Mike’d Up: LeBron has religious experience and the court-storming debate

LeBron had the greatest scoring performance of his career against the Bobcats on Monday night.

Kelley: LeBron has made Mike’d UP history, Mick. Never before have we focused on the same person in two consecutive issues. Add it to his already countless awards, not that this one will find its way into his mansion in South Beach.

The 61 points LeBron scored against the lowly Bobcats featured zero of the signature dunks that we have become so accustomed to watching on SportsCenter.

It was common knowledge for years league wide that to attempt to stop LeBron, teams must make him shoot. Prevent him from attacking the rim. Easier said than done of course, but that was the recipe to success against The King.

But as the greats do, LeBron turned that potential weakness into a strength and that was showcased against the Bobcats when he drilled eight of his ten 3-pointers

This is how his 3-point shot percentage has evolved from 2003 to present day, year by year: .290-.351-.335-.319-.315-.344-.333-.330-.362-.406-.384.

Absolutely. Incredible.

In my mind, and take this for what its worth, LeBron retook the MVP with that performance. He appears to be more focused than ever and that is an ever challenging feat having just won two straight NBA championships.

I, along with the rest of the NBA fans worldwide, cannot wait to see what he does next.

Kowaleski: Mike, there are very few athletes in this world, let alone basketball players, that I can compare to religious experience.

LeBron James is the only player that I can make that comparison to. Sure, Durant and Manning might put up more points. Brady and Jeter might get more rings. Ronaldo might get all the ladies. But there’s nothing that compares to LeBron when he is absolutely 100 PERCENT on. He is Ares, he is wrath, he is death itself. It’s beautiful.

He was on during Monday’s throttling of the Bobcats. There was a lot of significance for this throwaway game: playing MJ’s team, answering the bell that Kevin Durant rang in January—look, a handful of players can put up 60 in a game. Only LeBron and Durant can do it shooting .667 from the field.

The crazy thing is, this isn’t even LeBron’s best game. I still put the Game 6 in Boston during the 2011-12 Eastern Conference Finals as his tour de force. I don’t think the MVP race is in LeBron’s favor after his torrid February—but he definitely evened it up, and that’s impressive enough as it is. I can’t wait to see these players go head-to-head in the NBA Finals if everything goes according to plan…

Please, God. Please, LeBron. Please, Durant.

Here we are now. Entertain us.

 

Many are questioning whether or not to abolish storming the court.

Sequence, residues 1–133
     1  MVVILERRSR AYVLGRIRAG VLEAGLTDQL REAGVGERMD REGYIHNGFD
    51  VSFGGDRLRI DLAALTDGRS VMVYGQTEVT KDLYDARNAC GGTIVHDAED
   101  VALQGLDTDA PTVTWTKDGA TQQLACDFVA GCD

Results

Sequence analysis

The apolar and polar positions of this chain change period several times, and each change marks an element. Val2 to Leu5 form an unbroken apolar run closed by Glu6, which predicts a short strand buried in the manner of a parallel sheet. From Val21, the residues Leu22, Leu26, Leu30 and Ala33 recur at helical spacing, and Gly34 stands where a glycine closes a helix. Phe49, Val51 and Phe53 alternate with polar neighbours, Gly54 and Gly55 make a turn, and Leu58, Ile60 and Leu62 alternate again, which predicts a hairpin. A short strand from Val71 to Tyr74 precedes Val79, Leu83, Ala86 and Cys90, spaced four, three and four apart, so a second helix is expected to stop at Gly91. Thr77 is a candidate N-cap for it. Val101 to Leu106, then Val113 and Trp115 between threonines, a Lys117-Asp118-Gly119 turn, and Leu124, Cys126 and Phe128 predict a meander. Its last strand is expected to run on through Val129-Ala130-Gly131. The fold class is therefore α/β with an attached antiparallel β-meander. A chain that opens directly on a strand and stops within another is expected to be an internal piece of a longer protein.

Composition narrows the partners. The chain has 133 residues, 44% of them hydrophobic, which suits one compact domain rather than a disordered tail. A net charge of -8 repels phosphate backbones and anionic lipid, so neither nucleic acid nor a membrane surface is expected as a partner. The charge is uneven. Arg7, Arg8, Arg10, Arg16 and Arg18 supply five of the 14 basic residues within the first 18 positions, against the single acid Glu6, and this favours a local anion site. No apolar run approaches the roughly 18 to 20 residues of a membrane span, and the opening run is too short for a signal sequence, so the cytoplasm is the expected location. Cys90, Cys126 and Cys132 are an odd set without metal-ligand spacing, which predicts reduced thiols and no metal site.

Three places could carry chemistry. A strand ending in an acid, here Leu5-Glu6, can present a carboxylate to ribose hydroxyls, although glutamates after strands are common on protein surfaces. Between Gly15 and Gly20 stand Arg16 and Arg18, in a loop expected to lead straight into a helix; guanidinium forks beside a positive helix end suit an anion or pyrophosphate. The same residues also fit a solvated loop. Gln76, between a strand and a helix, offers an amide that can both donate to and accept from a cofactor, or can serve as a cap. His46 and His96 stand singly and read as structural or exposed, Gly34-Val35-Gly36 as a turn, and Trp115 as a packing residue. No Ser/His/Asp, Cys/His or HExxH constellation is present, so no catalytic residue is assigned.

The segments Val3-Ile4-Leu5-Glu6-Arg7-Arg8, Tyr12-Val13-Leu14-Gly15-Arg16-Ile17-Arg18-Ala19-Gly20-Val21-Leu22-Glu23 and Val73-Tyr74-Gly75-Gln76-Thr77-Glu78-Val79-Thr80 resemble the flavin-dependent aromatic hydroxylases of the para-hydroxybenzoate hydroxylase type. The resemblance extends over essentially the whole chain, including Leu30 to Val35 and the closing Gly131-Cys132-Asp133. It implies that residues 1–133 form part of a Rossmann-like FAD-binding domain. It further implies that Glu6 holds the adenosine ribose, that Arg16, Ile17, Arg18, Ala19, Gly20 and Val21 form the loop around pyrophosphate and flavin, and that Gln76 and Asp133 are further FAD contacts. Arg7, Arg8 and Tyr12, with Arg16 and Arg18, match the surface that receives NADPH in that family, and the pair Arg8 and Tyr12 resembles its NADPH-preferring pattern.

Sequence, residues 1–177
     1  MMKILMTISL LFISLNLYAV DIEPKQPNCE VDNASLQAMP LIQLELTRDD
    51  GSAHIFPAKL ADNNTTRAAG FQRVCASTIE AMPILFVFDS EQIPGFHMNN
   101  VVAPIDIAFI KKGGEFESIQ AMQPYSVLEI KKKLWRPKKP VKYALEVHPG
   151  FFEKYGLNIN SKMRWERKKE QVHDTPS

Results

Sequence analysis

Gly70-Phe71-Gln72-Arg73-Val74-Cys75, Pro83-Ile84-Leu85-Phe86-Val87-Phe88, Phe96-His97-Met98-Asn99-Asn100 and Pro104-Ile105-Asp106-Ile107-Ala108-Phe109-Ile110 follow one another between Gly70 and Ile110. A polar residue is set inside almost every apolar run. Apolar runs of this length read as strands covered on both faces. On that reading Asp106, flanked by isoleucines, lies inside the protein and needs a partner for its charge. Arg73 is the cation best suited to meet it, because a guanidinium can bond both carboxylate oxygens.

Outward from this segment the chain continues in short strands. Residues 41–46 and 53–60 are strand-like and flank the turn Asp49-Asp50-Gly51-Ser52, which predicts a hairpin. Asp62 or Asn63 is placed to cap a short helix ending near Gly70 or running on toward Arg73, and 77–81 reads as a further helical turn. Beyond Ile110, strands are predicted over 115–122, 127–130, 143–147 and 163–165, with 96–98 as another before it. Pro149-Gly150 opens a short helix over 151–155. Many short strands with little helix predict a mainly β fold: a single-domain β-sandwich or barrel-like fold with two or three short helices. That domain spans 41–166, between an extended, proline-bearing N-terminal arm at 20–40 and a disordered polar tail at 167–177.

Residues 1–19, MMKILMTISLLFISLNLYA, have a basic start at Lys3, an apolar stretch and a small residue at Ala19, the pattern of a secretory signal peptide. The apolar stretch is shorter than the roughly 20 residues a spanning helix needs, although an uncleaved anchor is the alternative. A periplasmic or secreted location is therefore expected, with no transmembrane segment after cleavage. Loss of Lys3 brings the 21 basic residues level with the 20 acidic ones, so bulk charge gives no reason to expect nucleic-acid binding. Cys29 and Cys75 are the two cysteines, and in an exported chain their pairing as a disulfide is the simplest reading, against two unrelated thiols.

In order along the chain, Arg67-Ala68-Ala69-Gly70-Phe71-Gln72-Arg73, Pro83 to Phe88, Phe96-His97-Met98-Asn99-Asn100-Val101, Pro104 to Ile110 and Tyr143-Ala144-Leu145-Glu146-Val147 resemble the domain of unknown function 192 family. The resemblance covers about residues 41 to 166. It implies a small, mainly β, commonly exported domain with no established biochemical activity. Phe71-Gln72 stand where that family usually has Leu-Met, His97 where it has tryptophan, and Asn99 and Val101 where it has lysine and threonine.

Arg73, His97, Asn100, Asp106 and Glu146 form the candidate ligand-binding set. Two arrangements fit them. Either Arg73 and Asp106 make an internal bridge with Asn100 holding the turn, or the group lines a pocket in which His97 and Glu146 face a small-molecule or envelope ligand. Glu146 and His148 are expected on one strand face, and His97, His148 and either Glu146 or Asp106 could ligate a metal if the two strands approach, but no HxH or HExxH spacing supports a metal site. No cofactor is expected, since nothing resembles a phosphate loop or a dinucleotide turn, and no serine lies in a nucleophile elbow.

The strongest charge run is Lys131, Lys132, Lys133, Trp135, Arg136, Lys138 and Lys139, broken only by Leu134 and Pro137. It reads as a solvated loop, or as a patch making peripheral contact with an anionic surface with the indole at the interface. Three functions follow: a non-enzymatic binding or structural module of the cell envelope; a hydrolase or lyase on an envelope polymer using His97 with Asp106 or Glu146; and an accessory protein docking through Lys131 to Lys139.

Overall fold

Kelley: I once had the opportunity to storm a field. It was November of 1999 and Pitt had just upset Notre Dame in their final game at Pitt Stadium. Running back Kevan Barlow, who would go on to play for the San Francisco 49ers in the NFL, scored the final touchdown. Fans were in a frenzy; so much so that they pushed past security and onto the field with nine seconds still remaining. My dad carried me on his shoulders and we ran onto the field with everyone else. The goal posts were ripped down. It was chaos.

I will always remember that thrilling moment. But watching the court storming episodes that occurred thus far this NCAA basketball season, it appears to have taken a turn for the worst. Fans interacting with opposing players is what is most concerning. Following Arkansas’ defeat of Kentucky, Wildcats guard Aaron Harrison squared off with a fan and almost fought.

The SEC has taken initiative and is now fining schools that let their fans rush the court. My bet (and it appears conversations have already begun), is that other conferences follow suit.

In many ways it is disappointing because storming the court or field has become somewhat of a pastime at sporting events. But for the safety of the players and coaching staffs of opposing teams, it is the wise decision to outlaw it.

Kowaleski: I’ve stormed courts and fields in my day as well, my friend. On February 16, 2008, unranked Syracuse took on the No. 8 Georgetown Hoyas at the Carrier Dome. The crowd that day set a then-attendance record at over 32,000.

‘Cuse won 77-70, and I stormed the court with my best friend. I managed to get to Jonny Flynn, my favorite Syracuse player of all-time, and patted him on the back.

It was an amazing experience, and one I repeated just this past autumn when Lafayette beat Lehigh to win the Patriot League championship. Ran all the way down from the pressbox, Mike. You remember.

Everybody should have that experience. Storming the court shouldn’t be abolished—people need to keep cooler heads. Fans storm the court to celebrate with their team, and opposing players need to respect that. Sore losers trying to pick fights with jubilant fans are at fault here, not the fans themselves. I understand tensions are high, and your emotions are too, but you have to be cool.

Abolishing the act itself would deprive thousands of fans one of the purest acts of joy in sports.

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